Disclaimer: I don't draft or spend copious amount of time planning or writing these blogs. I just mind dump!
Building Blocks - 09/09/18
Its been a long 4 months in overseas. As I sit here in my hotel room in Ostrava I reflect a little on the year I have had.
After leaving Australia on the 9th May for the Shanghai Diamond League, never would I have imagined that it would be mid September, having competed 9 competitions in Asia and Europe, before I returned.
To say that this season has been a step up from the rest of my career would be an understatement. On paper it seems like a miracle for me to remain injury free for this long, but in reality it has been half a decade of hard work to ensure the irregularities of my body are conditioned to handle the physical loads of my profession, that has led me here.
Starting the season in Australia, after an injury plagued off season where I struggled with hamstring issues and achilles tendinopathy, I led into the Commonwealth Games with 3 muscle tears in the final 10 weeks, including a calf strain 5 days prior to the Qualifying round. So off the back of that preparation I can say that the Silver medal and Personal best I achieved were rather satisfying if not unexpected.
Beyond the Games we set about a plan to head to Shanghai and then to Europe for 3-4 competitions primarily including the first 3 diamond leagues, before returning back to Australia for a training block. This period of my season was probably the most high risk, as my body had not recovered well from the Games and historically I had injured myself year in and year out in these May/June months. However this year there was an added element of 'listening to my body' and 'respecting it' and as such I spent longer between jump sessions or high intensity sessions and generally strayed further from a rigid training schedule towards one based on my feeling. (I should stress that this is a fine balance as it requires the athlete to balance their mental state & physical state - no easy task.) What I found over this period of 5 weeks from May 9th to June 11th was that the training was hard mentally because I felt as if I wasn't training hard physically, but that my results in competition were consistent if not improving with each competition and so was my physical recovery rate. This in time led me to a state of confidence whereby I no longer was fearful of competing due to risk of injury, but instead hungry to compete due to the excitement of furthering my physical condition. This has been one significant development of this season, as for so long I have known I can jump far, but had also drifted into believing that it was unrealistic that I could do it consistently.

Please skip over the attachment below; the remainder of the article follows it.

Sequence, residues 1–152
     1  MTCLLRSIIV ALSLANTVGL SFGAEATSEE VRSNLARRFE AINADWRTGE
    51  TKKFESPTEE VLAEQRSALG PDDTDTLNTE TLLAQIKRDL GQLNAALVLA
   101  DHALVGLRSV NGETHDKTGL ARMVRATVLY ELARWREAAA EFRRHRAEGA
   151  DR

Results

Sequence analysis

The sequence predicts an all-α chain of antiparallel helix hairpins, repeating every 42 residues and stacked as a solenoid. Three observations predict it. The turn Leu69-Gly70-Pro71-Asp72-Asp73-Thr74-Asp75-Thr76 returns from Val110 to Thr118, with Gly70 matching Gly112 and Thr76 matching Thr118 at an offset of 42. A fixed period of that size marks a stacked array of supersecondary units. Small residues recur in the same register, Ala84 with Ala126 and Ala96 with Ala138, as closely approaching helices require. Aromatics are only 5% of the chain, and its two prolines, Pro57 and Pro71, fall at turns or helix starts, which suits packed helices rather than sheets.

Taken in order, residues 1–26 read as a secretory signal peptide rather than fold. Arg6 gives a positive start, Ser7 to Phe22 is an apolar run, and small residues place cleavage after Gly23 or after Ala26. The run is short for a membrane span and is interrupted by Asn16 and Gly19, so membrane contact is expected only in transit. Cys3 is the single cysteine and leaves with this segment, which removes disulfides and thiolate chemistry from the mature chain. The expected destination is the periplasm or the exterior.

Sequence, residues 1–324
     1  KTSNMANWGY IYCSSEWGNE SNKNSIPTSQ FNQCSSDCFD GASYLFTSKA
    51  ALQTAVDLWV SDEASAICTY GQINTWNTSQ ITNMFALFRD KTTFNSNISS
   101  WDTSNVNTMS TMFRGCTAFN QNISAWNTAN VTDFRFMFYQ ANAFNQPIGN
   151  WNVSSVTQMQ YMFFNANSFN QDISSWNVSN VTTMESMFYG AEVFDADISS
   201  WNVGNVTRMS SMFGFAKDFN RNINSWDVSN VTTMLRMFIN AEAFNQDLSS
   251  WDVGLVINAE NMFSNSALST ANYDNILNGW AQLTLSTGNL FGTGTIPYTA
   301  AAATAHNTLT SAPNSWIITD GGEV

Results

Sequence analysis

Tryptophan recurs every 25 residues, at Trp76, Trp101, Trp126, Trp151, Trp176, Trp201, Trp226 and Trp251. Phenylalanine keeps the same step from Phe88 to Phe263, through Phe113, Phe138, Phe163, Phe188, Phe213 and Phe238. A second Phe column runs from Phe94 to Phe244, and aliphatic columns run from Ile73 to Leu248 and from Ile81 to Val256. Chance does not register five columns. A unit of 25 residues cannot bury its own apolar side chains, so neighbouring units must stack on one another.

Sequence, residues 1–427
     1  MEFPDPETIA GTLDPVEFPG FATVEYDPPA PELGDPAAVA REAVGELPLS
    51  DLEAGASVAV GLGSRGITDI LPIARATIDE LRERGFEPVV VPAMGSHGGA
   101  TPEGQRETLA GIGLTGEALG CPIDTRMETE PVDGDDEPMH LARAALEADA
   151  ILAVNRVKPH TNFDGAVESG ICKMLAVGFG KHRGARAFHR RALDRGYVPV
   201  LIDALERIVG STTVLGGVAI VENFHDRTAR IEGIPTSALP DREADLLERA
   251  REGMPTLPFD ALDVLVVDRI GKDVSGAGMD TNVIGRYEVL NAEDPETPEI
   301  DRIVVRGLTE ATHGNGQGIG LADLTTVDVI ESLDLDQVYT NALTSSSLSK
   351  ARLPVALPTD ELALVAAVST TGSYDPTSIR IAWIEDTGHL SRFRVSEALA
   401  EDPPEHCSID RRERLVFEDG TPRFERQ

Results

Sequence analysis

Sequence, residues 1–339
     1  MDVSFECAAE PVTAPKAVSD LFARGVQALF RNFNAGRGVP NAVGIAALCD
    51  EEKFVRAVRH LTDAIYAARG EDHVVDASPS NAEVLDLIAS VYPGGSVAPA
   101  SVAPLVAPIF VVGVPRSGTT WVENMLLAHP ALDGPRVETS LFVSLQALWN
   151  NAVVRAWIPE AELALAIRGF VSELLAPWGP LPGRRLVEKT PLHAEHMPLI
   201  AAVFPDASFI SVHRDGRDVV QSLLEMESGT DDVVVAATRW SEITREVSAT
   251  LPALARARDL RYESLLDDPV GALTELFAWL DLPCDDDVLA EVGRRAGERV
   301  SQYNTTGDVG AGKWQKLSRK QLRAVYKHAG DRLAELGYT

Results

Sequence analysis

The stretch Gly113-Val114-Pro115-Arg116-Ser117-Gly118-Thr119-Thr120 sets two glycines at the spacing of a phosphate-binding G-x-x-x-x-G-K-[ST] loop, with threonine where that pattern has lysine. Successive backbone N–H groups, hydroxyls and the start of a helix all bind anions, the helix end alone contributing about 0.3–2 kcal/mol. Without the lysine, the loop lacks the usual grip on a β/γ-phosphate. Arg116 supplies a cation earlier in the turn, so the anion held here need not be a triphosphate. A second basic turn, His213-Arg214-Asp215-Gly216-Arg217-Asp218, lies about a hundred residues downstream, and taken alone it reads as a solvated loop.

These early season growths in confidence led to Gary and I deciding that the better alternative to returning to Australia to train, was to keep the ball rolling and stay in Europe and continue to compete. So I did. Next up was Bad Langensalza - a jumps mecca. This is a meet I recommend any young Long Jumpers target for their futures as it really is unique in experience and opportunity to jump far. Unfortunately I missed my opportunity this year to really smash a great mark there due to fouls, but I can undoubtedly say that my biggest jumps legal or illegal were done there. Luzern was the next meet - a smaller meet I targeted to get the 'winning feeling', this was something in hindsight Im glad I did, as it was subsequently the only win I took of the year. Then it was back onto the Diamond League circuit in London, Birmingham and Zurich. The theme of these meets was consistency & I feel quite proud of my result in Zurich DL final, as although the distance was uninspiring the placing in my eyes at least was impressive.
The final leg of my season brought me to Ostrava for the Continental Cup. As anyone who follows me on twitter will know it has left a somewhat sour taste in my mouth on an otherwise great season. Firstly due to my own performance. A common theme all season has been my run up inconsistency and in this meet combined with the format of the competition, it really undid me. Thats on me. But the format itself was hopeless. I can confidently say I'm in personal best shape & I know a few of the other competitors were too, and yet the results we saw were sub par at best... coincidence ... I think not.